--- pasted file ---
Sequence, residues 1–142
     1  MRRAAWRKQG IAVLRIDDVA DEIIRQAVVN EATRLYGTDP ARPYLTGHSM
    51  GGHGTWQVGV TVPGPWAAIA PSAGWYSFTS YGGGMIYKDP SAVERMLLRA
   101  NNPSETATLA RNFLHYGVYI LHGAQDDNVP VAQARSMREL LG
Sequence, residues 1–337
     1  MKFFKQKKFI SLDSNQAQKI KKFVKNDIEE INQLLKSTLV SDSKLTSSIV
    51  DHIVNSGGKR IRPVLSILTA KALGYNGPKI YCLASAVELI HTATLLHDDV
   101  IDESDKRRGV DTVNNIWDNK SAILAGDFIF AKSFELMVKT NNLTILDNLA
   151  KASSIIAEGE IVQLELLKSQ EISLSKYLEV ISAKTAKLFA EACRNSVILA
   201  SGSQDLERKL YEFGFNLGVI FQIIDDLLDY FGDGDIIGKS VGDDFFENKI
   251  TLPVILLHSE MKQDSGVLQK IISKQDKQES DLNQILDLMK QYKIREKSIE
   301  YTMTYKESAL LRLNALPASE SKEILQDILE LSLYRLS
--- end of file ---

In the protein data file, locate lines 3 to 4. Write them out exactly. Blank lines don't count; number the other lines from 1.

    51  GGHGTWQVGV TVPGPWAAIA PSAGWYSFTS YGGGMIYKDP SAVERMLLRA
   101  NNPSETATLA RNFLHYGVYI LHGAQDDNVP VAQARSMREL LG